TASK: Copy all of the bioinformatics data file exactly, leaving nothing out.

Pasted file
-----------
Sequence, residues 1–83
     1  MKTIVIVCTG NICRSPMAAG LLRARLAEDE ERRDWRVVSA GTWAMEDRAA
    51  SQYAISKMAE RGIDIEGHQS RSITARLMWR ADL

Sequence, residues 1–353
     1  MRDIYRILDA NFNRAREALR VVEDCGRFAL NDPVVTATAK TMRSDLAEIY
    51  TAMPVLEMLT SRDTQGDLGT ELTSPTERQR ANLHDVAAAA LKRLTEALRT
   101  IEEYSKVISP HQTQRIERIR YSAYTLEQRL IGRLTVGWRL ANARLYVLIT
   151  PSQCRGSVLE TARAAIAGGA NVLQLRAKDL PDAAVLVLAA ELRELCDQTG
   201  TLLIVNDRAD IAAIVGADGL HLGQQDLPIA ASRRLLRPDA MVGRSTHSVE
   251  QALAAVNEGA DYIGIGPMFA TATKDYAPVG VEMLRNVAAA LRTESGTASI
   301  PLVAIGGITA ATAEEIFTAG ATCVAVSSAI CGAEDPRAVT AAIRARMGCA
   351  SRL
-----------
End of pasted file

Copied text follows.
Sequence, residues 1–83
     1  MKTIVIVCTG NICRSPMAAG LLRARLAEDE ERRDWRVVSA GTWAMEDRAA
    51  SQYAISKMAE RGIDIEGHQS RSITARLMWR ADL

Sequence, residues 1–353
     1  MRDIYRILDA NFNRAREALR VVEDCGRFAL NDPVVTATAK TMRSDLAEIY
    51  TAMPVLEMLT SRDTQGDLGT ELTSPTERQR ANLHDVAAAA LKRLTEALRT
   101  IEEYSKVISP HQTQRIERIR YSAYTLEQRL IGRLTVGWRL ANARLYVLIT
   151  PSQCRGSVLE TARAAIAGGA NVLQLRAKDL PDAAVLVLAA ELRELCDQTG
   201  TLLIVNDRAD IAAIVGADGL HLGQQDLPIA ASRRLLRPDA MVGRSTHSVE
   251  QALAAVNEGA DYIGIGPMFA TATKDYAPVG VEMLRNVAAA LRTESGTASI
   301  PLVAIGGITA ATAEEIFTAG ATCVAVSSAI CGAEDPRAVT AAIRARMGCA
   351  SRL